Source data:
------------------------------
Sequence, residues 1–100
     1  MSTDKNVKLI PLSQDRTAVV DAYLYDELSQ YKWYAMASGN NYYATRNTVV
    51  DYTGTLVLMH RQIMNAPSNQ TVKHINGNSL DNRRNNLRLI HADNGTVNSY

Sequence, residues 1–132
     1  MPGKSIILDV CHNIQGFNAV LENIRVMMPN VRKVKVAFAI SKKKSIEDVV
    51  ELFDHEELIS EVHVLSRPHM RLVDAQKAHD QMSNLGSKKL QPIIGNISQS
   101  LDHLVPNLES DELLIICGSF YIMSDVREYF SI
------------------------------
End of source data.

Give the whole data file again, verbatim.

Sequence, residues 1–100
     1  MSTDKNVKLI PLSQDRTAVV DAYLYDELSQ YKWYAMASGN NYYATRNTVV
    51  DYTGTLVLMH RQIMNAPSNQ TVKHINGNSL DNRRNNLRLI HADNGTVNSY

Sequence, residues 1–132
     1  MPGKSIILDV CHNIQGFNAV LENIRVMMPN VRKVKVAFAI SKKKSIEDVV
    51  ELFDHEELIS EVHVLSRPHM RLVDAQKAHD QMSNLGSKKL QPIIGNISQS
   101  LDHLVPNLES DELLIICGSF YIMSDVREYF SI